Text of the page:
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County Cork

New Book by Jack Roberts

I picked this up in Bantry yesterday;

Not an academic volume, but very comprehensive and worth getting hold of if you're interested in the circles of West Cork.

Anthony Murphy has a podcast here;


Stone Circles

This quarter's 'Archaeology Ireland' has a three page feature on Stone Circles, by Muiris O'Sullivan and Liam Downey.

"The architecture and orientation of stone circles were inherently symbolic, reflecting in a fundamental way a sense of spirituality and belief in the otherworld..."

So there you are.

Bremore (Passage Grave)

Save Bremore Heritage Group: Press Release

The Drogheda Independent carries the latest news from the Save Bremore campaign...

"THE Save Bremore Heritage campaign got under way with a very positive and informative meeting in the Huntsman's Inn Gormanston.

Representatives of a number of different local and regional groups met to discuss the planned deep water port and its possible impact on that area of archaeological richness..."

Article continues...

Renewed Threat to Bremore Passage Tombs

An Taisce and Dr. Mark Clinton warn of the threat posed by the proposed extension for the development of Drogheda Port. Less than a week left to object.

"The forces are powerful but we must try, at least. Try not to stand by and let it happen again."


Grassy mounds our earliest breweries, claim archaeologists

by Sarah Stack (Irish Examiner 11 August 2007)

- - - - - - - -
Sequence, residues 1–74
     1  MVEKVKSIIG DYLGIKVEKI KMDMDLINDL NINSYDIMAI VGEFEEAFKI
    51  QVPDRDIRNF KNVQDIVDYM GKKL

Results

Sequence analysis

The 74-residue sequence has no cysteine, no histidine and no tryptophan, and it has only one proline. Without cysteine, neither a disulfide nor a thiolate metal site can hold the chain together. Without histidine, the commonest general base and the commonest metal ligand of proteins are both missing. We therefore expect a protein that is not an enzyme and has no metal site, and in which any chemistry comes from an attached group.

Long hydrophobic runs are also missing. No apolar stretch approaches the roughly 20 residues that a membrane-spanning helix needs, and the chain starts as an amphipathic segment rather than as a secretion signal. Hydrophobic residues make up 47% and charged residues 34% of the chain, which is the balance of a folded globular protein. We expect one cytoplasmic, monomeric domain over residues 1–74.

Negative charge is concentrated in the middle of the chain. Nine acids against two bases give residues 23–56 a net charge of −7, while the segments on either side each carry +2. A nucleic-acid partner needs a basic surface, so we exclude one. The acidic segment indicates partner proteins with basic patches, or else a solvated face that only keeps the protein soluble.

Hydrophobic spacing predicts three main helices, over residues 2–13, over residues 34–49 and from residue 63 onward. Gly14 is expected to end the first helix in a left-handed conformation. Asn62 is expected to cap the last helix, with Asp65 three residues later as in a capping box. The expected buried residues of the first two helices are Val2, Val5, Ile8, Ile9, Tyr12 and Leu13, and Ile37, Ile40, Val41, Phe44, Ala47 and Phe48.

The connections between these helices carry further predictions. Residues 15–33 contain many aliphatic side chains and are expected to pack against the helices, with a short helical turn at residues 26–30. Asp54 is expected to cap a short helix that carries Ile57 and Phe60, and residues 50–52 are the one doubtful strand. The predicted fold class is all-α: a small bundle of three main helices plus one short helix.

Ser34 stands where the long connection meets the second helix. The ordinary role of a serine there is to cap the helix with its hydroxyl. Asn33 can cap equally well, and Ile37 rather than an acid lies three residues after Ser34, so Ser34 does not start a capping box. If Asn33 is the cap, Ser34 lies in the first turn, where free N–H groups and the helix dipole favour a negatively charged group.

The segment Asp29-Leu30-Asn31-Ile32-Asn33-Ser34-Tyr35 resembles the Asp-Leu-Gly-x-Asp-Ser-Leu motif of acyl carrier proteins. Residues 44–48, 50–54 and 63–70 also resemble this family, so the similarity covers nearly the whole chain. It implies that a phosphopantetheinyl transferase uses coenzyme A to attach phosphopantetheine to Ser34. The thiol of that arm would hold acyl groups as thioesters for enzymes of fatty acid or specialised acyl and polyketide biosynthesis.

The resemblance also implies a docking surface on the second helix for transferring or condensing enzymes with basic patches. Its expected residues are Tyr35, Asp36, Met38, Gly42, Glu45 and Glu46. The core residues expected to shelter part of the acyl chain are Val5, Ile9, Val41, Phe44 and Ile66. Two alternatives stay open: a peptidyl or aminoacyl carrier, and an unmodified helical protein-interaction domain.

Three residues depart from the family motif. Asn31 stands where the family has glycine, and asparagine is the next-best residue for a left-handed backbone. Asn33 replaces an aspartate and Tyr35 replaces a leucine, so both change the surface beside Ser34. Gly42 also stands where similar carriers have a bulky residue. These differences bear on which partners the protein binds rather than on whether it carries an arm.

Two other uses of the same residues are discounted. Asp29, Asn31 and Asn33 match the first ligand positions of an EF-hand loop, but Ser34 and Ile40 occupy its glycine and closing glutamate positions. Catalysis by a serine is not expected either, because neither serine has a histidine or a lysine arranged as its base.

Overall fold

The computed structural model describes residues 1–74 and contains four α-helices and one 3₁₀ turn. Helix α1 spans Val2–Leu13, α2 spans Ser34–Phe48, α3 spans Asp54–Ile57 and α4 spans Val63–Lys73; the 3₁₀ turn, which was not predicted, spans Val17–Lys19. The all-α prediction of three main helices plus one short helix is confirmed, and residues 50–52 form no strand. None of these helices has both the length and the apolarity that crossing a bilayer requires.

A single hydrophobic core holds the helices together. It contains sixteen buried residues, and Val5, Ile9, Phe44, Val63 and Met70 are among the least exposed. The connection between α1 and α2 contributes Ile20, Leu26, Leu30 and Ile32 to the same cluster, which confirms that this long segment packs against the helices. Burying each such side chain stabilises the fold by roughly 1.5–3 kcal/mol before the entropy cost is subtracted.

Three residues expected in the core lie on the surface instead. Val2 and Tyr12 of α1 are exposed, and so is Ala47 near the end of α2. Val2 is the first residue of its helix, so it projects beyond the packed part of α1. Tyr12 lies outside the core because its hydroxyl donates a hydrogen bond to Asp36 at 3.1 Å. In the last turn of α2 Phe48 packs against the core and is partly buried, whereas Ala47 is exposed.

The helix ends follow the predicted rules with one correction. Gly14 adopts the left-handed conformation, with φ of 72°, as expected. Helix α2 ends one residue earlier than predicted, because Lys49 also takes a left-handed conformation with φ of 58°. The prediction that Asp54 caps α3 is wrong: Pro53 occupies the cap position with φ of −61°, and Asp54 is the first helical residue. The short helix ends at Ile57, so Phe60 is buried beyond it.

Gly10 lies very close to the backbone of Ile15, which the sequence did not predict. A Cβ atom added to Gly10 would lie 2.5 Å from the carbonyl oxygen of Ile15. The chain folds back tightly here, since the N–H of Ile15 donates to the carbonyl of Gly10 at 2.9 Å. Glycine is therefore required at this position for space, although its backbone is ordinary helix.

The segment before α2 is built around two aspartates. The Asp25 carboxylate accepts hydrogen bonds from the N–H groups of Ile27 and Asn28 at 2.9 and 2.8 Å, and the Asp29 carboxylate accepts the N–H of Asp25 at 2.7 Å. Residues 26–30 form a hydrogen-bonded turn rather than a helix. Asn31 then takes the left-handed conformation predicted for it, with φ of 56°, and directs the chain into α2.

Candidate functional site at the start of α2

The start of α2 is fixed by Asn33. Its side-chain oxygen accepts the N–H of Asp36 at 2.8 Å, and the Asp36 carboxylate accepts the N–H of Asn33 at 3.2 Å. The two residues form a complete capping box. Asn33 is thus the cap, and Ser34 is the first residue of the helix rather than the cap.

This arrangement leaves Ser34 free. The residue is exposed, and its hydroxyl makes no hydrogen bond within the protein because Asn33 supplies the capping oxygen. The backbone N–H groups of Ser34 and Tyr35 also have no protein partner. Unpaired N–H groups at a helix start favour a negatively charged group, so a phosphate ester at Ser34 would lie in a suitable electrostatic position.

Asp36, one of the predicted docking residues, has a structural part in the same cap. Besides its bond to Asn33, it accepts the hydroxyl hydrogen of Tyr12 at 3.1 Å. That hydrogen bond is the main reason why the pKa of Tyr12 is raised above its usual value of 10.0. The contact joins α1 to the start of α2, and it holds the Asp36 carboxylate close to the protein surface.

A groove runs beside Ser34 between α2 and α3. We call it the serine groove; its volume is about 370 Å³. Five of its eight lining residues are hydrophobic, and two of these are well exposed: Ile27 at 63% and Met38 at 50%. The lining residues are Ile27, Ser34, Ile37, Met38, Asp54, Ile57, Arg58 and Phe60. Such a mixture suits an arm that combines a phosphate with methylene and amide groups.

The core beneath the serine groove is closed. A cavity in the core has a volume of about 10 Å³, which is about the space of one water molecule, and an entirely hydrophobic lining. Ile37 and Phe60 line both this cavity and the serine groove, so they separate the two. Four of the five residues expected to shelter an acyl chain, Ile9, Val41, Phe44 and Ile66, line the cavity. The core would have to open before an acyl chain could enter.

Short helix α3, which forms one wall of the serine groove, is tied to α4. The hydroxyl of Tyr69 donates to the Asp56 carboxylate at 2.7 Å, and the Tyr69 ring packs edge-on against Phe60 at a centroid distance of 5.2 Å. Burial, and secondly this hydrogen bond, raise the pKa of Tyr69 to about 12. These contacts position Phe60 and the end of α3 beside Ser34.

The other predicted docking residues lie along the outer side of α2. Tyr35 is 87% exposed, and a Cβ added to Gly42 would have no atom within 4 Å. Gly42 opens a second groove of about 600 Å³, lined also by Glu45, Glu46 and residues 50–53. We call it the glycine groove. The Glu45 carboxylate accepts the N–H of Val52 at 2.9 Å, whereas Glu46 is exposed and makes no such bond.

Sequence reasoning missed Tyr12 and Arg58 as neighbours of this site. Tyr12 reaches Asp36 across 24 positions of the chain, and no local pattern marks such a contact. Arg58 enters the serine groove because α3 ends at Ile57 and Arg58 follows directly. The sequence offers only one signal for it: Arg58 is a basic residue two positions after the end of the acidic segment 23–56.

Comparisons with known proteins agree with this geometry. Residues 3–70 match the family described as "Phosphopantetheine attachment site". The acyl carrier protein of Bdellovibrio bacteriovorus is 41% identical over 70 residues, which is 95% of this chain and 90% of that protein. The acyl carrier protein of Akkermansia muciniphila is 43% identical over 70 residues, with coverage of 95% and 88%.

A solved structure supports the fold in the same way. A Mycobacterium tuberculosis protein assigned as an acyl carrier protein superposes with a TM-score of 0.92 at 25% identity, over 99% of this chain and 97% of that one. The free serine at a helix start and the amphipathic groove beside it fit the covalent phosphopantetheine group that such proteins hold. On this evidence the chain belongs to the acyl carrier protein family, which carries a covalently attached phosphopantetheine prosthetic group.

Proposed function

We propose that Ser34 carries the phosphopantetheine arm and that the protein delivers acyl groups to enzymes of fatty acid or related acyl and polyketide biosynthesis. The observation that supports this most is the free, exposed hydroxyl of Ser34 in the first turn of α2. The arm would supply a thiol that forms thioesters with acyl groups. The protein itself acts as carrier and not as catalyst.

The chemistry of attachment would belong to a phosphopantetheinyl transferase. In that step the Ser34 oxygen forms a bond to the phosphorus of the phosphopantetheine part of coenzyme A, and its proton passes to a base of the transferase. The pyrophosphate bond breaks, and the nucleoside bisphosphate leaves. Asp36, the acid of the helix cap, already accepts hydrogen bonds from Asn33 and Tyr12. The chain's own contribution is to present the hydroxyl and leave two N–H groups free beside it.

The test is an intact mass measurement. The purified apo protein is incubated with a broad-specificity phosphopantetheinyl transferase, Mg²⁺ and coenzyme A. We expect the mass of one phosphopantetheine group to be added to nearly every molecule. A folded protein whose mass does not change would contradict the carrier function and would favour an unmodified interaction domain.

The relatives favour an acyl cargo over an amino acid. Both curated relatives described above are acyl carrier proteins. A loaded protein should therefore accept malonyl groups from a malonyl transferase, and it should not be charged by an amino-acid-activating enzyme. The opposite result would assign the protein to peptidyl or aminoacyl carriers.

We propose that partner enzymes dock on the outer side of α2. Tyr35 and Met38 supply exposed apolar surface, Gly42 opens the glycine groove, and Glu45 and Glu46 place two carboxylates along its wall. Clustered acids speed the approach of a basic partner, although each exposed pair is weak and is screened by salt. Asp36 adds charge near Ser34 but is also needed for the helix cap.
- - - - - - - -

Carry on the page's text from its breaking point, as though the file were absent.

'Bronze age Irish men were as fond of their beer as their 21st century counterparts, it was claimed yesterday.

Two Galway archaeologists have put forward a theory that one of the most common ancient monuments around Ireland may have been used for brewing ale.

They believe fulacht fiadh -horseshoe shaped, grass-covered mounds which were conventionally thought of as ancient cooking spots- could have been the country's earliest breweries.

To prove their belief that an extensive brewing tradition existed in Ireland as far back as 2500BC, Billy Quinn and Declan Moore recreated the process. After just three hours of hard work, and three days of waiting for their brew to ferment, the men enjoyed a pint of the fruits of their labour.

Three hundred litres of water was transformed into a "very palatable" 110 litres of frothy ale.
"It tasted really good," said Mr Quinn.
"We were very surprised. Even a professional brewer we had working with us compared it favourably to his own. It tasted like a traditional ale, but was sweeter because there were no hops in it."

Mr Quinn said it was while nursing a hangover one morning, and discussing the natural predisposition of men to seek means to alter their minds, that he came to the startling conclusion that fulacht fiadh could have been the country's earliest breweries.

The two set out to investigate their theory in a journey which took them across Europe in search of further evidence.

On their return they used an old wooden trough filled with water and added heated stones. After achieving an optimum temperature of 60C to 70C they began to add milled barley, and about 45 minutes later simply bailed the final product into fermentation vessels. They added natural wild flavourings and yeast after cooling the vessels in a bath of cold water for several hours.
Tomorrow they plan to start work on a fourth batch they hope will taste as good as their first.

The archaeologists, who reveal their experiment in full in next month's Archaeology Ireland, point out that while their theory is based on circumstantial and experimental evidence, they believe that although fulacht fiadh were probably multifunctional, a primary use was for brewing beer.
"Can this be death?" thought Prince Andrew, looking with a quite new, envious glance at the grass, the wormwood and the streamlet of smoke that curled up from the rotating black ball. "I cannot, I do not wish to die. I love life - I love this grass, this earth, this air..." He thought this, and at the same time remembered that people were looking at him.

Leo Tolstoy, 'War and Peace', Book Three, Part II, 36.

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